Douglas Noel Adams (11 March 1952 – 11 May 2001) was an English author, screenwriter, essayist, humorist, satirist and dramatist.
Adams was author of The Hitchhiker’s Guide to the Galaxy, which originated in 1978 as a BBC radio comedy before developing into a “trilogy” of five books that sold more than 15 million copies in his lifetime and generated a television series, several stage plays, comics, a video game, and in 2005 a feature film. Adams’s contribution to UK radio is commemorated in The Radio Academy’s Hall of Fame.
Adams also wrote Dirk Gently’s Holistic Detective Agency (1987) and The Long Dark Tea-Time of the Soul (1988), and co-wrote The Meaning of Liff (1983), The Deeper Meaning of Liff (1990), Last Chance to See (1990), and three stories for the television series Doctor Who; he also served as script editor for the show’s seventeenth season in 1979. He also co-wrote the Monty Python sketch “Patient Abuse” which appeared in the final episode of Monty Python’s Flying Circus. A posthumous collection of his works, including an unfinished novel, was published as The Salmon of Doubt in 2002.
Adams was an advocate for environmentalism and conservation, a lover of fast cars,technological innovation and the Apple Macintosh, and a self-proclaimed radical atheist.
Adams was born on 11 March 1952 to Janet (née Donovan; 1927–2016) and Christopher Douglas Adams (1927–1985) in Cambridge. The family moved to the East End of London a few months after his birth, where his sister, Susan, was born three years later. His parents divorced in 1957; Douglas, Susan, and their mother moved to an RSPCA animal shelter in Brentwood, Essex, run by his maternal grandparents.
Adams attended Primrose Hill Primary School in Brentwood. At nine, he passed the entrance exam for Brentwood School. He attended the prep school from 1959 to 1964, then the main school until December 1970. Adams was 6 feet (1.8 m) by age 12 and stopped growing at 6 feet 5 inches (1.96 m). His form master, Frank Halford, said Adams’s height had made him stand out and that he had been self-conscious about it. His ability to write stories made him well known in the school. He became the only student ever to be awarded a ten out of ten by Halford for creative writing, something he remembered for the rest of his life, particularly when facing writer’s block.
Some of his earliest writing was published at the school, such as a report on its photography club in The Brentwoodian in 1962, or spoof reviews in the school magazine Broadsheet, edited by Paul Neil Milne Johnstone, who later became a character in The Hitchhiker’s Guide. He also designed the cover of one issue of the Broadsheet, and had a letter and short story published in The Eagle, the boys’ comic, in 1965. A poem entitled “A Dissertation on the task of writing a poem on a candle and an account of some of the difficulties thereto pertaining” written by Adams in January 1970, at the age of 17, was discovered in a cupboard at the school in early 2014.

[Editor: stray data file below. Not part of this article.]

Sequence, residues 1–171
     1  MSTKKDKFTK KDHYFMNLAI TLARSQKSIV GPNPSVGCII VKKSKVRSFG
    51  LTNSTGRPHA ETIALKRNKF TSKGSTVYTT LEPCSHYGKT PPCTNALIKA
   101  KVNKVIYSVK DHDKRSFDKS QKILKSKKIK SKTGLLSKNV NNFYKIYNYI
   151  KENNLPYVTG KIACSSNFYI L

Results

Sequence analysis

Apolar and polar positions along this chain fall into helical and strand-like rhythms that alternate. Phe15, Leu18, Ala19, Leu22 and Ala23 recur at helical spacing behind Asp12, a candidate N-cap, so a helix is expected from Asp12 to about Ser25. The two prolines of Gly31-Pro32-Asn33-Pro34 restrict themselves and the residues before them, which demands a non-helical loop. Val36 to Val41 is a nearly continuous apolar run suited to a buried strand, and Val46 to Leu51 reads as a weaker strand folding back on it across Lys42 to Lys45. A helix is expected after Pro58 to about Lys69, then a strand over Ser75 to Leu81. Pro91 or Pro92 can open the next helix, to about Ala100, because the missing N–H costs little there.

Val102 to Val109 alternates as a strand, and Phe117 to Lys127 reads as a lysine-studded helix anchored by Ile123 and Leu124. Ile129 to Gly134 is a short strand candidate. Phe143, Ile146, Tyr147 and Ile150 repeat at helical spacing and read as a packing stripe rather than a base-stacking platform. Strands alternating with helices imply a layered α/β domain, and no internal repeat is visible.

On the strength of an essay on religious poetry that discussed the Beatles and William Blake, he was awarded an Exhibition in English at St John’s College, Cambridge, going up in 1971. He wanted to join the Footlights, an invitation-only student comedy club that has acted as a hothouse for comic talent. He was not elected immediately as he had hoped, and started to write and perform in revues with Will Adams (no relation) and Martin Smith, forming a group called “Adams-Smith-Adams”, and became a member of the Footlights by 1973. Despite doing very little work—he recalled having completed three essays in three years—he graduated in 1974 with a 2:2 in English literature.
After leaving university Adams moved back to London, determined to break into TV and radio as a writer. An edited version of the Footlights Revue appeared on BBC2 television in 1974. A version of the Revue performed live in London’s West End led to Adams being discovered by Monty Python’s Graham Chapman. The two formed a brief writing partnership, earning Adams a writing credit in episode 45 of Monty Python for a sketch called “Patient Abuse”. The pair also co-wrote the “Marilyn Monroe” sketch which appeared on the soundtrack album of Monty Python and the Holy Grail. Adams is one of only two people other than the original Python members to get a writing credit (the other being Neil Innes).